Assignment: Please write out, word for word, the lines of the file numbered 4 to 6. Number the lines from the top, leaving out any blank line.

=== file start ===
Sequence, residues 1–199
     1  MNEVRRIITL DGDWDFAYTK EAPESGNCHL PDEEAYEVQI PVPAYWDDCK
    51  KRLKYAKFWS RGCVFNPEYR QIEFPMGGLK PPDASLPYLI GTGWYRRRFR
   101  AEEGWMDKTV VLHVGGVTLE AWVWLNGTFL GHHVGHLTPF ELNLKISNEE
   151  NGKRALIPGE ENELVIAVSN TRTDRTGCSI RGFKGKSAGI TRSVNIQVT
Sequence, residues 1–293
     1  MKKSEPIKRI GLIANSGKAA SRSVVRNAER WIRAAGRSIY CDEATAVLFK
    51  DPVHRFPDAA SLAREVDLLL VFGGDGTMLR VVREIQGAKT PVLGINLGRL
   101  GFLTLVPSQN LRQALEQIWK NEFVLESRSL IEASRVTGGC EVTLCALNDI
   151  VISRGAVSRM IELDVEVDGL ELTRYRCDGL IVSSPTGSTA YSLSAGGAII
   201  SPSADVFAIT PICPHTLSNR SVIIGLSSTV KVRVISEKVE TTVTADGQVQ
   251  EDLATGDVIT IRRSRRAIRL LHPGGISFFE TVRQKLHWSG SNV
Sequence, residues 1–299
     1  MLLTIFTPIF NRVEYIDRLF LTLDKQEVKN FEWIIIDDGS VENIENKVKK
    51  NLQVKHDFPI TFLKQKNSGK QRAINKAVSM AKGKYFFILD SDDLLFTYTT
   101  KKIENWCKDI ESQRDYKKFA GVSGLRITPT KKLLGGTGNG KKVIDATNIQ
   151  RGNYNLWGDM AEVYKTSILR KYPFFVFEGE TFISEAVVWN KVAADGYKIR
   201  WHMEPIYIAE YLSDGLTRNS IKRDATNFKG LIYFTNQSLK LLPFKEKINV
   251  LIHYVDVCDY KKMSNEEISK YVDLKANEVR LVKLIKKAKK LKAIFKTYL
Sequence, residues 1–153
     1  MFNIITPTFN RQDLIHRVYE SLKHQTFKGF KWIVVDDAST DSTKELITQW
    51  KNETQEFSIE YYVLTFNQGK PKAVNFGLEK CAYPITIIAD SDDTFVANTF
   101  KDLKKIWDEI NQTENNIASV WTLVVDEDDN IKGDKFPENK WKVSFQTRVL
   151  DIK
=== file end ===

   101  AEEGWMDKTV VLHVGGVTLE AWVWLNGTFL GHHVGHLTPF ELNLKISNEE
   151  NGKRALIPGE ENELVIAVSN TRTDRTGCSI RGFKGKSAGI TRSVNIQVT
Sequence, residues 1–293